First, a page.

OH HOW NAIVE WE WERE.
When we pulled into the station at Ostrava, we opened up Google Maps to try to figure out how we would get to the hostel that we had booked. However, despite said hostel being over 4km away, the only option that Google was giving us was to walk.
I should mention now that poor Neneh had been living in Europe for a LONG time and had all of her worldly possessions with her. As well as the huge backpacks (yes, plural), she also had a humongous suitcase with a broken wheel that made it nigh impossible to pull along normally.
We were not equipped to walk.
Leaving me with the luggage, Neneh rushed off to ask somebody in the station why Google was saying that there were no public transport options available here.
‘Oh, Google Maps doesn’t work here!’
Did someone say the hills have eyes?!
I should mention at this point that I’ve been to some pretty remote places. I lived on an island with no hot water for a year. Never have I been to a place where Google Maps did not work.
As with the Flix Bus debacle, we felt as though this might be symbolic of how our time in Ostrava was going to be. Spoiler alert – it was.
Anyway, after being told which tram to take, we hopped on and Neneh left me sitting with the luggage while she went to the ticket machine. However, if we thought that buying a ticket was going to be simple, we were sorely mistaken!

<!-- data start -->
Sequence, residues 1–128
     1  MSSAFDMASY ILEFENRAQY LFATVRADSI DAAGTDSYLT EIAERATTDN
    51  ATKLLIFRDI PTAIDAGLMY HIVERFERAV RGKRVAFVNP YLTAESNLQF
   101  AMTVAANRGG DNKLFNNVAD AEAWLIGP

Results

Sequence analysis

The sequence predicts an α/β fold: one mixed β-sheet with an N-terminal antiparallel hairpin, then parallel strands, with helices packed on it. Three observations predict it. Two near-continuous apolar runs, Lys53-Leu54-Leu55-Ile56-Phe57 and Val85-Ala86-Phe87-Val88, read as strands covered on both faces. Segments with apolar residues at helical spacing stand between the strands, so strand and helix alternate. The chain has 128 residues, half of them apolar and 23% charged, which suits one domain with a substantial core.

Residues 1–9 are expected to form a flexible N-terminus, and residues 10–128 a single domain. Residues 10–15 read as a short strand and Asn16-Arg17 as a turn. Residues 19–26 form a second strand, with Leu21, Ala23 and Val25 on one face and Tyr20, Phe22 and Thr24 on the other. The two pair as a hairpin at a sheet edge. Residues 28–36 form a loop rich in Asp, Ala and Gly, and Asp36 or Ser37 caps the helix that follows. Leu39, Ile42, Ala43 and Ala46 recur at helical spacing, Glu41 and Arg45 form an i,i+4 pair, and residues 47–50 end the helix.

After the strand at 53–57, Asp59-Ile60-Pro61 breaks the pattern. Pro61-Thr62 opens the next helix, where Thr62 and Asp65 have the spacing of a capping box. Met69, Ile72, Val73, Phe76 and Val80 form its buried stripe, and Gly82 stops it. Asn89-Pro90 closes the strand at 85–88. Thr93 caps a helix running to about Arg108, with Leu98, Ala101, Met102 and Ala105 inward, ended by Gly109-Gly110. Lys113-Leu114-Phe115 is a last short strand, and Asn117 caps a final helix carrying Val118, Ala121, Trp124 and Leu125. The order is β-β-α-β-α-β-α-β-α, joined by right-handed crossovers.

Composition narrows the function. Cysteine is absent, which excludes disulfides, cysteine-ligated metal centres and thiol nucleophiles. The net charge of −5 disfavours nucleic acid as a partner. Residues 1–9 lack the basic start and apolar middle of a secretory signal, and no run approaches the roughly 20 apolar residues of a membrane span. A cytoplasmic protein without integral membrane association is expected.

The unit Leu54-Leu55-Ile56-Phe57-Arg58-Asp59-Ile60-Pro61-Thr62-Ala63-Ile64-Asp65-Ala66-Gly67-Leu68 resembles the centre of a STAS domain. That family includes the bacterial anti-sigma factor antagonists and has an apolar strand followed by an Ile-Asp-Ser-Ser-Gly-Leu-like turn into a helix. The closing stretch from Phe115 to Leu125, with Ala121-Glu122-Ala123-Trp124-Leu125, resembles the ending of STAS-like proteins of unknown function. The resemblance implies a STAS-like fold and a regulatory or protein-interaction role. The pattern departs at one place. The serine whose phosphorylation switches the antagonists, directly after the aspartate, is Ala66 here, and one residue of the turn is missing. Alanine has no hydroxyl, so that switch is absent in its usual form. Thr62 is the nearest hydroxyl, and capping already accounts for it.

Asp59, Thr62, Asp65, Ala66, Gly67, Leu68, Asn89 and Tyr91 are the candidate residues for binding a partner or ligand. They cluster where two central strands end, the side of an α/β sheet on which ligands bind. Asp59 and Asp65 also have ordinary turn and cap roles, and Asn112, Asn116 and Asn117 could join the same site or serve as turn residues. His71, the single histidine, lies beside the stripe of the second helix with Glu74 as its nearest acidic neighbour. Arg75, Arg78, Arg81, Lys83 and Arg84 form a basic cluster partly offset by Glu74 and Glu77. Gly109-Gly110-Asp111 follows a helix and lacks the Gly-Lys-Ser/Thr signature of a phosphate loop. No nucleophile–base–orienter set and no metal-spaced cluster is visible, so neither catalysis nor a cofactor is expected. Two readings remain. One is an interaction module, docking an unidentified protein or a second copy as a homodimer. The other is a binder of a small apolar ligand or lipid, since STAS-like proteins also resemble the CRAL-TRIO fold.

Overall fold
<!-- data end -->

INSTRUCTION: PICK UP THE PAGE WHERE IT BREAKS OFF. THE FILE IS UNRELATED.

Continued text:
On seeing that we had first headed to the seats to dump our luggage before purchasing a ticket, two plain clothed ticket inspectors blocked Neneh’s way to the machine, angrily beginning to write out tickets.
This was all we needed!
However, by some weird stroke of luck, they seemed frustrated that they couldn’t communicate with us in English, and Neneh was able to duck past and buy tickets from the machine while the two men pretended that they couldn’t see her. Very very weird.
When we reached our tram stop, we had a 20 minute walk to our hostel. Now, a 20 minute walk would usually not have been a problem, but it took us double that time to reach our accommodation due to Neneh’s broken suitcase refusing to cooperate with us.
Not only that, but the area was…interesting.
On the very outskirts of the city, we were walking through an area with some of the sketchiest looking people I’d ever seen in my life, who were all eyeing us up as though deciding whether to rob us or rape us, or both (no joke, it was really sketch, haha).
It was very obvious to us that these people had never even seen a tourist before, and certainly not a black person. It was safe to say we stood out a little.
After making it to our hostel without being murdered, we checked in, only to discover that it was a kind of halfway house for the homeless (?!). It was eerily quiet, apart from some guy upstairs that Neneh swore she could hear moaning (or crying, my memory is a bit foggy on the details of this guy). However, as strange as the hostel was, we were actually given a kind of 3-bedroom apartment for about £8 each, and as basic and jenky as it was, we weren’t about to complain about that!
Through the Forest…
OKAY, we thought. TODAY MIGHT NOT HAVE GONE TO PLAN BUT THE NIGHT IS YOUNG. LET’S FIND A NICE RESTAURANT AND GO TO A FEW BARS IN THE CENTRE. HOW DIFFICULT CAN IT BE?